Hereinafter, the operation of the error signal generation sections 210A and 210B will be specifically described. FIG. 5 schematically shows light entering the photodetector 213 in the optical disk apparatus of the present embodiment. As shown in FIG. 5, reflected light 151 of the light which is converged toward a track on the optical disk enters the photodetector 213. The photodetector 213 is also entered by stray light 152, such as light occurring due to birefringence of the substrate of the optical disk 101, and, in the case where the optical disk 101 includes a plurality of recording layers, reflected light occurring in those layers in which recording or reproduction is not even taking place. The present embodiment is able to stabilize the amplitudes of lens position error signals such as a tracking error signal or a focus error signal, particularly effectively in the case where the center of the reflected light coincides with the center of the stray light and the reflected light and the stray light are uniformly entering the photodetector 113, as shown in FIG. 5.

FIGS. 6( a) and (b) show focus error signals (SFE1, SFE2) and focus sum signals (SFS1, SFS2) which are obtained when the objective lens is driven by the actuator 106 so that the distance between the objective lens 105 and the optical disk 101 is changed. In the respective figures, the left-side waveforms SFE1 and SFS1 represent the case where the light amount of the reflected light 151 is greater than the light amount of the stray light 152, whereas the right-side waveforms SFE2 and SFS2 represent the case where the light amount of the reflected light 151 is smaller than the light amount of the stray light 152.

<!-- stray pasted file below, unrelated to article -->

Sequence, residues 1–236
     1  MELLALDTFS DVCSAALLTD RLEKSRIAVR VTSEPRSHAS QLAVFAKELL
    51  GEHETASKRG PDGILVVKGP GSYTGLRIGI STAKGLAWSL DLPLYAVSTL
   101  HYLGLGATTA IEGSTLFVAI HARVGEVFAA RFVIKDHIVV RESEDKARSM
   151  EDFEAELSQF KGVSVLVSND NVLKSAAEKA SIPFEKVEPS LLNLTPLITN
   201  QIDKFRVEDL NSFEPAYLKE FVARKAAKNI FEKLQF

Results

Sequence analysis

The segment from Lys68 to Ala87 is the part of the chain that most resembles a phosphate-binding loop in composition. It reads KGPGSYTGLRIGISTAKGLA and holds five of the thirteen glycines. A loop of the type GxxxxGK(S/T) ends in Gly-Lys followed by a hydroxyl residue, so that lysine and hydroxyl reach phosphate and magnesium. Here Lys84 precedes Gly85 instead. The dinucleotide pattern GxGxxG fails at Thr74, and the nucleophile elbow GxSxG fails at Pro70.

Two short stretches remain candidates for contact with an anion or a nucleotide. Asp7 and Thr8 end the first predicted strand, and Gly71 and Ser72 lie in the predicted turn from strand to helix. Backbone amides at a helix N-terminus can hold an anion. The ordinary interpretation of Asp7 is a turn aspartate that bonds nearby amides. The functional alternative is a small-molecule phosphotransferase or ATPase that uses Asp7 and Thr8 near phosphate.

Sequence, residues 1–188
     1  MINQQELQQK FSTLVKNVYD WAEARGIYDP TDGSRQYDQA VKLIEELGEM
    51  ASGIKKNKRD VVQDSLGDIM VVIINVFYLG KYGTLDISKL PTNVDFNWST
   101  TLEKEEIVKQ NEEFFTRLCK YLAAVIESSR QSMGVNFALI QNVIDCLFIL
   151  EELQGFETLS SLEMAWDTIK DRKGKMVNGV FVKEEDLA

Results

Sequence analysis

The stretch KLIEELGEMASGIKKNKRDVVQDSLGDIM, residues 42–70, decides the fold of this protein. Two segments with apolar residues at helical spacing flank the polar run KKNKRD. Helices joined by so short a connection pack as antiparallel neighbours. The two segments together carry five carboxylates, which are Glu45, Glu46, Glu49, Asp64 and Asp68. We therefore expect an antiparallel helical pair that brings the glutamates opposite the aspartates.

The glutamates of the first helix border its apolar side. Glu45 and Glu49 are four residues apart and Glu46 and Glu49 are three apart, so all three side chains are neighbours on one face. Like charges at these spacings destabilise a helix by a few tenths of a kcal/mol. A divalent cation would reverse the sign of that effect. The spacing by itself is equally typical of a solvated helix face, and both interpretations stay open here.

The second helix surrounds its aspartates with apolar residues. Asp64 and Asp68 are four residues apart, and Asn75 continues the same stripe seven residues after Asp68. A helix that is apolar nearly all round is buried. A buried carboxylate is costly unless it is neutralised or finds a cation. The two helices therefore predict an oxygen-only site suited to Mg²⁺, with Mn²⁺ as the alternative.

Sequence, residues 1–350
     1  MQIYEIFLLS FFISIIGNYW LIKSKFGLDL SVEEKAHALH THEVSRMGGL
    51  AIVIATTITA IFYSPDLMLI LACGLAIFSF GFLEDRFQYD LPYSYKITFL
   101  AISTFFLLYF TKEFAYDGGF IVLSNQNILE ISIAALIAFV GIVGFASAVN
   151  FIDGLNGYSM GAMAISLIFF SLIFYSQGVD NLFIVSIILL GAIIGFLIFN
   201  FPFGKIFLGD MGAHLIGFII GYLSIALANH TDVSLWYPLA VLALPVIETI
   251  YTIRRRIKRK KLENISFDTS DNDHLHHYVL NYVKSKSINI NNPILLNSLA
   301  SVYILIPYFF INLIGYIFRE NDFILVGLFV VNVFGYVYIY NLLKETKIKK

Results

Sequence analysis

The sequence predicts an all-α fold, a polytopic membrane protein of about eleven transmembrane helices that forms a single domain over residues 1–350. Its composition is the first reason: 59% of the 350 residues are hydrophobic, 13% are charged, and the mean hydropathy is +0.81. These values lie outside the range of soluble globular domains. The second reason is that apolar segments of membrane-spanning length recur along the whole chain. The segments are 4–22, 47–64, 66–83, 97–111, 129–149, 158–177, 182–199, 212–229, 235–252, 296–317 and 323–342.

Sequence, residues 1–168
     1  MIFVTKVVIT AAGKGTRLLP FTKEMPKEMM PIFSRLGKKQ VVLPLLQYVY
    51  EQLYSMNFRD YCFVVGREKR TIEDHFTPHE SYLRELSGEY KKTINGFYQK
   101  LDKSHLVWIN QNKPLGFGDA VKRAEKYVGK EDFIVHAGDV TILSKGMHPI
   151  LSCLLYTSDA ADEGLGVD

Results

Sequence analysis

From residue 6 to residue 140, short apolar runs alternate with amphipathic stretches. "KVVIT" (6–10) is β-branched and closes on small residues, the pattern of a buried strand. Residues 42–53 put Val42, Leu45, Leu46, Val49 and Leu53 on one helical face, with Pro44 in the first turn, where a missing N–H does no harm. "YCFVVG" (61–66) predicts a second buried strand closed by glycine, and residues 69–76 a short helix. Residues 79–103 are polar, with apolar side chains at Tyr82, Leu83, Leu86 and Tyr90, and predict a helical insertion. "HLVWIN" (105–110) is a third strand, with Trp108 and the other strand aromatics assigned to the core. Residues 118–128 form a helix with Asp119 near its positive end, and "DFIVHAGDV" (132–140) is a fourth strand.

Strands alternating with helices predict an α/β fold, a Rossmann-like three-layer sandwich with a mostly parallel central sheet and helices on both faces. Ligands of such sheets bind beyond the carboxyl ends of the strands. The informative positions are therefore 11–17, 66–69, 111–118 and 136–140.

As shown in FIG. 6( a), irrespective of the proportion between the light amount of the reflected light 151 and the light amount of the stray light 152, the waveforms (SFE1, SFE2) of the focus error signal are symmetric with respect to the reference potential (GND), and there is no offset due to the stray light 152. This is because the focus error signal uniformly enters the detector 113, and the focus error signal is derived from a difference between the signals obtained from the detection sections A and C of the photodetector 113 and the signals obtained from the detection sections B and D, so that the influences of stray light are canceled.